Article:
War crimes evidence in Syria solid enough for indictment: U.N.
GENEVA: U.N. investigators said on Tuesday they had expanded their list of suspected war criminals from both sides in Syria's civil war and the evidence was solid enough to prepare any indictment.
The U.N. inquiry has identified individuals, military units and security agencies as well as insurgent groups suspected of committing abuses such as torture and bombing civilian areas, it said in its report to the United Nations Human Rights Council.
Some 20 investigators have carried out 2,700 interviews with victims, witnesses and defectors in the region and by Skype in Syria, but have never been allowed to enter the country now in its fourth year of an increasingly sectarian conflict.
However, despite the accumulation of evidence, diplomats say it is unlikely Syria would be referred to the International Criminal Court (ICC) that tries war crimes suspects in The Hague any time soon.
As Syria has not signed the Rome statutes setting up the ICC, the U.N. Security Council would need to make the referral. Russia, supported by China, has shielded its ally Syria throughout the war, vetoing three U.N. resolutions that would have condemned President Bashar al-Assad's government and threatened it with possible sanctions.
"We do not lack information on crimes or even on perpetrators. What we lack is a means by which to achieve justice and accountability but this is not in our powers," Paulo Pinheiro, the chairman of the U.N. commission of inquiry on Syria, told a news conference.
The commission said the period of January 20 to March 10 was characterized by escalating hostilities between insurgent groups throughout northern and northeastern provinces as Islamist rebel strongholds came under attack.
Government forces have dropped barrel bombs on Aleppo and other cities, causing extensive civilian casualties in areas with no clear military target, and severely tortured detainees.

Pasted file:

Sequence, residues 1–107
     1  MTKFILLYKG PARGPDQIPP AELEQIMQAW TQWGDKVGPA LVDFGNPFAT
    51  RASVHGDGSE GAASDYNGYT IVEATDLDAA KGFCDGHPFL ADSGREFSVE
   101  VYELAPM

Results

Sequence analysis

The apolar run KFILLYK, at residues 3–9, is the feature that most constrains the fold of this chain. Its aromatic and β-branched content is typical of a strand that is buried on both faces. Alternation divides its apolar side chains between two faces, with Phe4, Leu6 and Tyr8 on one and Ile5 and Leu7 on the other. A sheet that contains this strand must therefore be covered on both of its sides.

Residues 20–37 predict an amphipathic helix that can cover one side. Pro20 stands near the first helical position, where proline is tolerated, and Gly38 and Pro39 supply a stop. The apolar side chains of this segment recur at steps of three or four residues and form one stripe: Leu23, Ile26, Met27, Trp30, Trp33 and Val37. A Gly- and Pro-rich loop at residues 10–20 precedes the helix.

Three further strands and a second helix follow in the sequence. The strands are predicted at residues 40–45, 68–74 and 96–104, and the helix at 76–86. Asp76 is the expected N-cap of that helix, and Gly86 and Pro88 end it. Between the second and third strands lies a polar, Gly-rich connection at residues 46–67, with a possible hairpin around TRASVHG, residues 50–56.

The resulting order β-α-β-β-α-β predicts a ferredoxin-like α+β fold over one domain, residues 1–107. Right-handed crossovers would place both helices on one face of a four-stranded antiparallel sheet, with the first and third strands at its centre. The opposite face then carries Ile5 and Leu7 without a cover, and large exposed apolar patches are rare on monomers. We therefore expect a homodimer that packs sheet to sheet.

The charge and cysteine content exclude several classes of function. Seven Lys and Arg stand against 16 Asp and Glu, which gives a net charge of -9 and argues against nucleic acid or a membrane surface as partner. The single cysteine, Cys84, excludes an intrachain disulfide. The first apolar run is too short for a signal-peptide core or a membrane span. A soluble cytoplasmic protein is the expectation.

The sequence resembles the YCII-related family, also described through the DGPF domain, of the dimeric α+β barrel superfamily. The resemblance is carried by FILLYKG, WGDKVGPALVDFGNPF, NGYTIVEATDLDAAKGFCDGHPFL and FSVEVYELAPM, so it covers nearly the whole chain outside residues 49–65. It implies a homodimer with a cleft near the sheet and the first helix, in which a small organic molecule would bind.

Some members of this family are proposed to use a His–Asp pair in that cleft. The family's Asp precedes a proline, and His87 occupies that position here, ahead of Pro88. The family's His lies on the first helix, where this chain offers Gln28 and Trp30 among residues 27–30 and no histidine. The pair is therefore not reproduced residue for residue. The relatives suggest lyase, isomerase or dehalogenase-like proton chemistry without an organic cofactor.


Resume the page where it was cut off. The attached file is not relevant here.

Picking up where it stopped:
The mostly Sunni Muslim Insurgents seeking to topple Assad, whose minority Alawite sect is an offshoot of Shi'ite Islam, have used car and suicide bombs targeting civilian areas – also violations of international law, the commission said.
Fighters from al Qaeda splinter group the Islamic State of Iraq and the Levant, also known as ISIS, executed detainees, including civilians, and captured soldiers, in Aleppo, Idlib and al Raqqa before coming under attack by other armed groups such as the Islamic Front, it said.
Four confidential lists of suspects have been drawn up, including the names of those responsible for hostage-taking, torture and execution, Pinheiro said.
"It also contains names of the heads of intelligence branches and detention facilities where detainees are tortured, names of military commanders who target civilians, airports from which barrel bomb attacks are planned and executed, and armed groups involved in attacking and displacing civilians," he said.
Carla del Ponte, a former U.N. war crimes prosecutor who is on the inquiry, said the investigators had gathered "objective evidence" including photographs and documents that could used by a prosecutor for any future ICC case.
"This commission has collected a lot of evidence that can be used tomorrow to prepare an indictment," she said.
"Referral to justice is an urgent, extremely urgent need, but as you know the Security Council cannot take the decision to refer to the ICC because of the veto."
Photos published by the Guardian newspaper in January appeared to confirm their previous findings on the government's systematic torture of detainees, the U.N. investigators said.
"I must assure you that the commission has taken these allegations very seriously, and we are investigating the evidence of torture, killing and starvation of detainees related to this case," Pinheiro added.
The independent team was set up in September 2011, months after the start of the revolt in which at least 140,000 people have been killed.
It has called repeatedly for the Security Council to refer Syria to the ICC prosecutor, a call endorsed again by Britain, the European Union, France and Switzerland on Tuesday.
Syrian ambassador Faysal Khabbaz Hamoui denounced the commission, in comments echoed by its ally Iran. "Referral to the ICC is a politicized and unlawful step as there are national judicial mechanisms available in Syria," he said.
Khabbaz Hamoui accused the commission of working for the political agendas of countries that are supporting the rebels – naming the United States, Qatar, Turkey and Saudi Arabia.